ALERT! Monkeypox Spreads From Bayelsa to Rivers and Akwa Ibom States

An official has confirmed that a new case of the rare deadly viral disease Monkeypox has been recorded in Akwa Ibom State, causing panic in neighbouring states in the south-south and south-east regions.

At least 13 people suspected to be affected by the viral disease are on admission in hospitals in neighboring Bayelsa and Rivers states, Premium Times reports.

The Commissioner for Information and strategy in Akwa Ibom, Charles Udoh, on Saturday confirmed that one case has been recorded in the state, while two other suspected cases are under investigation.

in a statement issued in Uyo, confirmed the single case. He also said that the state government was investigating two more cases suspected to be Monkeypox.

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”Monkeypox currently has no treatment and no vaccine. It looks like small pox but the rashes are larger while the disease is milder.

The era of avoiding excessive handshake, regular hand-washing and abstinence from bush meat is here again.

We will provide more information subsequently,” the commissioner said.

The deadly disease was first reported in Bayelsa state last week with a medical doctor and 10 others quarantined (read here).

It was later gathered that the number of suspected cases in Bayelsa increased to 13. Three suspected cases were later reported in Rivers State.

Samples from suspected victims in Bayelsa and Rivers have been sent to the World Health Organisation, WHO laboratory in Dakar, Senegal for confirmation.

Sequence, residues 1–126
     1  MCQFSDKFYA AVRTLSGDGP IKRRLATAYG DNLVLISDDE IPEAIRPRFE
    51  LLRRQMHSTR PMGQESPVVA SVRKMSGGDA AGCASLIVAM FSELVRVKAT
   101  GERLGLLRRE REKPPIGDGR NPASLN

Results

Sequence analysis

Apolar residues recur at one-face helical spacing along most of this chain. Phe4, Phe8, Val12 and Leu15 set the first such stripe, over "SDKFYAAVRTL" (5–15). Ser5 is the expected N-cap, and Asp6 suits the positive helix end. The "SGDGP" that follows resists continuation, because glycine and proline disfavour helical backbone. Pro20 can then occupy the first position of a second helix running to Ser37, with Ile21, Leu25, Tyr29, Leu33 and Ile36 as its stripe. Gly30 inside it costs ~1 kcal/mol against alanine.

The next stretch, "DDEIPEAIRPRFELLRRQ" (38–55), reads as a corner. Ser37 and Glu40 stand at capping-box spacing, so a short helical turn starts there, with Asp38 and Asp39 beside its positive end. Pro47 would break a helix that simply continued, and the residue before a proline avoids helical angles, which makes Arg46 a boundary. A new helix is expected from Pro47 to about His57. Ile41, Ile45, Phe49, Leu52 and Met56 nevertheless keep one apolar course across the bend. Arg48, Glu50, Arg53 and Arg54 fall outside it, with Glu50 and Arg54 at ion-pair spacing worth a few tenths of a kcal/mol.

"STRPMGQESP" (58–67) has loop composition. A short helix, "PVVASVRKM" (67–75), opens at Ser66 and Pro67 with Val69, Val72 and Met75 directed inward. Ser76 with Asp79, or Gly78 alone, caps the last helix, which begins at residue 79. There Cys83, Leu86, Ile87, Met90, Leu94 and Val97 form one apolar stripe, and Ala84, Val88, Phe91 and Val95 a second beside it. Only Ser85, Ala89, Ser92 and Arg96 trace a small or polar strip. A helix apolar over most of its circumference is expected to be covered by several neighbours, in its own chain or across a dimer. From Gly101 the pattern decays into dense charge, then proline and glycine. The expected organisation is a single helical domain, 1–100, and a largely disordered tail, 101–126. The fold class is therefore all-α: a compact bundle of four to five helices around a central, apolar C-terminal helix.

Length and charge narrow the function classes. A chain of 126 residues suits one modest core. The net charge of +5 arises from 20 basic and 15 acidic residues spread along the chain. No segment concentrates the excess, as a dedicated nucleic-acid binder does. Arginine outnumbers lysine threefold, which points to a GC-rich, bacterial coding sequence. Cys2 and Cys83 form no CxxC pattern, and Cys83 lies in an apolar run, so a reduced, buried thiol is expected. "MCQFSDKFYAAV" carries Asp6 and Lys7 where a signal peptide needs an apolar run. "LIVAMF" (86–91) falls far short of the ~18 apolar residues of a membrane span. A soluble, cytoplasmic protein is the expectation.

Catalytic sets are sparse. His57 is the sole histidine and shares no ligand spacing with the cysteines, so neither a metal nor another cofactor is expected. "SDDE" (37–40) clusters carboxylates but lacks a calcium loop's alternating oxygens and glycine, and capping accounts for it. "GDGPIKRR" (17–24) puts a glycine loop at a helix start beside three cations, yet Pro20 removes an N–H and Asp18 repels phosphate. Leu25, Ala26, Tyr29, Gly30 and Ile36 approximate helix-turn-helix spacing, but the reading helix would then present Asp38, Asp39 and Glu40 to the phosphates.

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After the first report of the suspected cases in Bayelsa, the Minister of Health, Isaac Adewole and the Executive Director of the Nigeria Centre for Disease Control, NCDC, Chikwe Ihekweazu, had called for calm among Nigerians saying the government is taking the required steps to manage the disease and to prevent further spread.

Nigerians have also been advised to avoid foods like monkeys, bush meat and dead animals in other not to contract the disease.

What you should know about the disease.

The Monkey pox virus was first identified in 1970 as the cause of a smallpox-like illness in humans in remote African locations first discovered in 1958 when two outbreaks of a pox-like disease occurred in colonies of monkeys kept for research, hence the name “monkeypox.”

According to Vanguard, the first recorded human case of the virus was recorded in 1970 in the Democratic Republic of Congo during a period of intensified effort to eliminate smallpox. There were also reports of cases in Liberia and Sierra Leone.

The following year, 1971, there was 1 case in Cote d’ivoire and 2 cases in Nigeria. Then in 1976 there were 2 cases in Cameroon and again in Nigeria in 1978, 1 case was recorded. Since then monkeypox has remains strictly a disease of Central and Western African countries, except in 2003, when 47  cases were reported in the USA.

The 2003 US outbreak is the only time monkeypox infections in humans were documented outside of Africa.  Most of those affected had close contact with pet prairie dogs.

The current outbreak in Nigeria is of West African origin and associated with milder disease, fewer deaths, and limited human-to-human transmission.

Studies have shown that the monkeypox virus can cause a fatal illness in humans and, although it is similar to human smallpox which has been eradicated, it is much milder.

Monkeypox is a rare disease caused by infection with monkeypox virus, that belongs to the same family of viruses that includes variola virus (the cause of smallpox), vaccinia virus (used in the smallpox vaccine), and cowpox virus.

The natural reservoir remains unknown. However, African rodent species are expected to play a role in transmission.

The Monkeypox virus can cause an illness with a generalised vesicular skin rash, fever, and painful jaw swelling.

In previous outbreaks, it has led to death in about 1-10 per cent of infected cases. There is no specific medicine to treat the disease, but intensive supportive care helps patients to recover fully.

Photo credit: Punch

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